Takamine-cho House by Tomoaki Uno Architects
The site is located in an upscale residential area with lush greenery, with Nagoya University and Nanzan University walking distance. I had designed a clinic for the client before, and this was my second commission. Therefore, I started the concrete design immediately without any time to warm up the relationship. This project’s most significant request, or mission, was to use the traditional method of masonry called field masonry. In the beginning, I thought of it only as a finishing material. However, as I learned more about the traditional masonry method and its use, I gradually realized that I had not been thinking correctly, and I was at a loss for a while. Originally, Japanese masonry was used for the foundations of castles, castle foundations, and stone walls. It was never meant to be a part of the architecture. The purpose and origins of the ruins were utterly different from those in South America. Therefore, there were no past examples to refer to. In addition, Japanese masonry has warped gradually as it was built up. This is probably the most rational way of stacking masonry for its intended use in the long history of Japan. I felt pretty uneasy and uncomfortable about using this traditional Japanese masonry as part of a building with a different purpose. I couldn’t get rid of the awkward feeling that I was trashing the tradition, and a lot of time passed without being able to propose.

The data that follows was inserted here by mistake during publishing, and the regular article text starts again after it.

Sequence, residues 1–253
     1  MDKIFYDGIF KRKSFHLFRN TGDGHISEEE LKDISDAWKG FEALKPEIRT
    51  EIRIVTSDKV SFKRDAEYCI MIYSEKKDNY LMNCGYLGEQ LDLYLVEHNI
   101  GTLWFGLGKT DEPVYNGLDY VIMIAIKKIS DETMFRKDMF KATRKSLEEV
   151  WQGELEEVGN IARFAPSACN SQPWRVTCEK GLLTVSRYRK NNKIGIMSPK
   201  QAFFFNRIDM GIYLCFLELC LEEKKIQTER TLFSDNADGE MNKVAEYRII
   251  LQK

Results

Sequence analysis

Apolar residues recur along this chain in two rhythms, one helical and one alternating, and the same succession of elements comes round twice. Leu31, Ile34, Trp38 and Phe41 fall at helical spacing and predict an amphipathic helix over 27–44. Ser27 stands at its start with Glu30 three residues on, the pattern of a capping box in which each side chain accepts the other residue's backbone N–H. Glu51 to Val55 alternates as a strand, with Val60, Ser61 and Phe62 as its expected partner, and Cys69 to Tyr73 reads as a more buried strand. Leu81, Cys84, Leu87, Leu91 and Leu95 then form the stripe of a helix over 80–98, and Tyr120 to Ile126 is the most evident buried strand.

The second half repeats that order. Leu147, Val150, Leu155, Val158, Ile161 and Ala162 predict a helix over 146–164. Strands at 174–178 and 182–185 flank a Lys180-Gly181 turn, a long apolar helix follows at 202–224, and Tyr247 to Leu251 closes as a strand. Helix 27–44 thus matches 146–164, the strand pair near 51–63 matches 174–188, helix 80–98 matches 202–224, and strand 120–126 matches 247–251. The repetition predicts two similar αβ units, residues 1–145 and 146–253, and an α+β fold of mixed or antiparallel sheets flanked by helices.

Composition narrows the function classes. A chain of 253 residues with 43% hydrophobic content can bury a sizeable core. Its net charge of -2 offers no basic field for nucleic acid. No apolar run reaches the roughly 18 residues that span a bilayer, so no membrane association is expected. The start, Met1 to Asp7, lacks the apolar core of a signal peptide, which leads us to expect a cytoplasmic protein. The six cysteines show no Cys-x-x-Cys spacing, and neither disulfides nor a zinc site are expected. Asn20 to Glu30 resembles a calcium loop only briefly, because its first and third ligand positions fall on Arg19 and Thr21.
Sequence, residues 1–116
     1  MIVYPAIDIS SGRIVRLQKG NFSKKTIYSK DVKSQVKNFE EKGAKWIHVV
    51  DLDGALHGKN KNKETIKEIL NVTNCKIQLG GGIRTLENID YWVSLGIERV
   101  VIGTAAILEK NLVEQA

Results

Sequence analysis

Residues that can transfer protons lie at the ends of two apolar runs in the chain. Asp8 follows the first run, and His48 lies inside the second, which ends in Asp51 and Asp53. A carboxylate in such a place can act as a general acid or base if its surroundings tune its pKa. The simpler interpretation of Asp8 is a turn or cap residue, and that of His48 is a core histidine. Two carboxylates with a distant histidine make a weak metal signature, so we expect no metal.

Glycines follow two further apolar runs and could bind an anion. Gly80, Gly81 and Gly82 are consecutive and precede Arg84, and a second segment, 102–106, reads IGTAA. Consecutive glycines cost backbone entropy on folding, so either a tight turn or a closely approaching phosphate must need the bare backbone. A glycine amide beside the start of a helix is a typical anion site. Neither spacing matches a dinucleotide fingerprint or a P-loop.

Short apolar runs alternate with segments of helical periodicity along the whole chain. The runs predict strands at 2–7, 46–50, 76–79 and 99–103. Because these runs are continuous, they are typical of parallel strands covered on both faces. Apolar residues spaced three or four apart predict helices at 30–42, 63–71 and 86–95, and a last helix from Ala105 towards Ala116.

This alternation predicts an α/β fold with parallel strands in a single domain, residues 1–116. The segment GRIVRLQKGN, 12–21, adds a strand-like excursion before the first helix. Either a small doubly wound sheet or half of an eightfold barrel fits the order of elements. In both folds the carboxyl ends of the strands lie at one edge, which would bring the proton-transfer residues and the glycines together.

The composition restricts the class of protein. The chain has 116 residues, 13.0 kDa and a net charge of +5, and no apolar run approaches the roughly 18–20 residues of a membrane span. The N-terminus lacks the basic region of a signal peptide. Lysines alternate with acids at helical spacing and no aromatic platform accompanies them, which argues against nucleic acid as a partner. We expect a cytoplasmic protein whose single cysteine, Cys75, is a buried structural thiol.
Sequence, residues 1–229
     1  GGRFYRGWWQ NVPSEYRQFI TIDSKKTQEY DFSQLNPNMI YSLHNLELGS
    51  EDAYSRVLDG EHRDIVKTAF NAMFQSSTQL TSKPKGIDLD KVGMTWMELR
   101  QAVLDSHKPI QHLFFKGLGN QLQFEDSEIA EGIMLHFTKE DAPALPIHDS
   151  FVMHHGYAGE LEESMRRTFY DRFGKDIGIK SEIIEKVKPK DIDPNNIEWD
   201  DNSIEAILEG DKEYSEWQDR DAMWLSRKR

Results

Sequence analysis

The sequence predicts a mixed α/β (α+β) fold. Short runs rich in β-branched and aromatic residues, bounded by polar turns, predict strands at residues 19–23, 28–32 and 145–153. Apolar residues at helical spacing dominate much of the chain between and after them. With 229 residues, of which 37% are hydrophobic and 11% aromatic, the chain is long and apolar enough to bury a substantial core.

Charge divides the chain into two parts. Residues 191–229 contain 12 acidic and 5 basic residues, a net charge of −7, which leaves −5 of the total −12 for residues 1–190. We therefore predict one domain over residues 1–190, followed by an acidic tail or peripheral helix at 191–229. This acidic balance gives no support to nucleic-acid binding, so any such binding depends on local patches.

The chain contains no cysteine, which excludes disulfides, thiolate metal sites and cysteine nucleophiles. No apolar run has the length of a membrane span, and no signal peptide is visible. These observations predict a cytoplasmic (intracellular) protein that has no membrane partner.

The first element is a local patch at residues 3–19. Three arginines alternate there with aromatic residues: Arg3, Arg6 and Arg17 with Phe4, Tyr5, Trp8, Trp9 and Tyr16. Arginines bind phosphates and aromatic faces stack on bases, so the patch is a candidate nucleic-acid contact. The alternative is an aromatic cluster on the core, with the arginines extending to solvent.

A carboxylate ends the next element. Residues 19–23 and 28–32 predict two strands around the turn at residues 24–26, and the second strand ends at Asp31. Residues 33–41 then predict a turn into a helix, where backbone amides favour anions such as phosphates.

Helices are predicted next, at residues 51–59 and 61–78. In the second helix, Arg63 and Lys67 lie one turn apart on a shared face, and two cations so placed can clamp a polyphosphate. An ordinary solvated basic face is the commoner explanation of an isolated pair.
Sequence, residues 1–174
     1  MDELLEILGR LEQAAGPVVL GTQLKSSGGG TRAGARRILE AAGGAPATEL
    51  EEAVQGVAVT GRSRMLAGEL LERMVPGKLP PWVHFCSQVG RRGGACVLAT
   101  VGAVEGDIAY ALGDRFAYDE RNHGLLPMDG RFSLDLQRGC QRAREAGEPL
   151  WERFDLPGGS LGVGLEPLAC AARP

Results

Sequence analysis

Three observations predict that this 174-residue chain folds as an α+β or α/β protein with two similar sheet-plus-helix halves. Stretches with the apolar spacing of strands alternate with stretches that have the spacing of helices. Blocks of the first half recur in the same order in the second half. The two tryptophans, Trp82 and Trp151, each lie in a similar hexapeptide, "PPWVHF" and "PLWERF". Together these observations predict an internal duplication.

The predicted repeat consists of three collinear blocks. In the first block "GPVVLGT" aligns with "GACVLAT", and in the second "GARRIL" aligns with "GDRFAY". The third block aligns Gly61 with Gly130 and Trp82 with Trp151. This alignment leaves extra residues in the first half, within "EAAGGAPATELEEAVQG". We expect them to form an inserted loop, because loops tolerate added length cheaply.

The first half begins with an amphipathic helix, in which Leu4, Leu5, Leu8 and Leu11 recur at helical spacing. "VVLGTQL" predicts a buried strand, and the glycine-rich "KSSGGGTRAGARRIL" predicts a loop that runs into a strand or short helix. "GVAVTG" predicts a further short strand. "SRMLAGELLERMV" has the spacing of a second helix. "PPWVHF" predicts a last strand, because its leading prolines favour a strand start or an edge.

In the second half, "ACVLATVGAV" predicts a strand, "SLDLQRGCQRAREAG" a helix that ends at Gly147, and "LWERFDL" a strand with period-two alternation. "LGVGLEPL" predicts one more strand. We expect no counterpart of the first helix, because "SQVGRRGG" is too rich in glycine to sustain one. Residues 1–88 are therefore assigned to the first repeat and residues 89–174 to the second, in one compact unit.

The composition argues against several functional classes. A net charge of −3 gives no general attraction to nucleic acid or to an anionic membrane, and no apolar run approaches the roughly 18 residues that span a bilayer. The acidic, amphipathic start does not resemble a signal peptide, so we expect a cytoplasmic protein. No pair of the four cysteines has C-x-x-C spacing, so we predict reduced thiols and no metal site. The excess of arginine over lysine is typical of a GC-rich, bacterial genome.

It was the pyramids of Tenayuca (Mexico) that brought me out of this impasse. It cannot be called architecture, but it is quite an architectural form compared to Japanese masonry. The moment I came up with the idea of recreating it with traditional Japanese masonry, the fog that had been hanging over the project instantly lifted, and I was able to proceed with the project smoothly from there. As a result, the first Japanese-method pyramid in Japan was completed here. However, the inside is not the sarcophagus room but the client’s study room.
However, after the start of the project, the masonry once again came back to haunt us. It was the overwhelming presence and reality of this masonry. Of course, the design had already taken this into account, but when we saw the huge stones in front of us, everything looked poor. The planned copper sashes were all replaced with voluminous iron and left in their bare black skin. What also renewed the materials and details of the floor texture and hardware. The final result is quite different from the architecture when I signed the contract, but I think I was able to make the best choice flexibly by taking advantage of the fact that I was undertaking this project myself.
The overall plan is to give a feeling of openness to the room while protecting the private space by surrounding the two gardens, the water garden, and the courtyard, with a pyramid and a private space.
Photography by Yasuo Hagiwara
Visit Tomoaki Uno Architects- by Matt Watts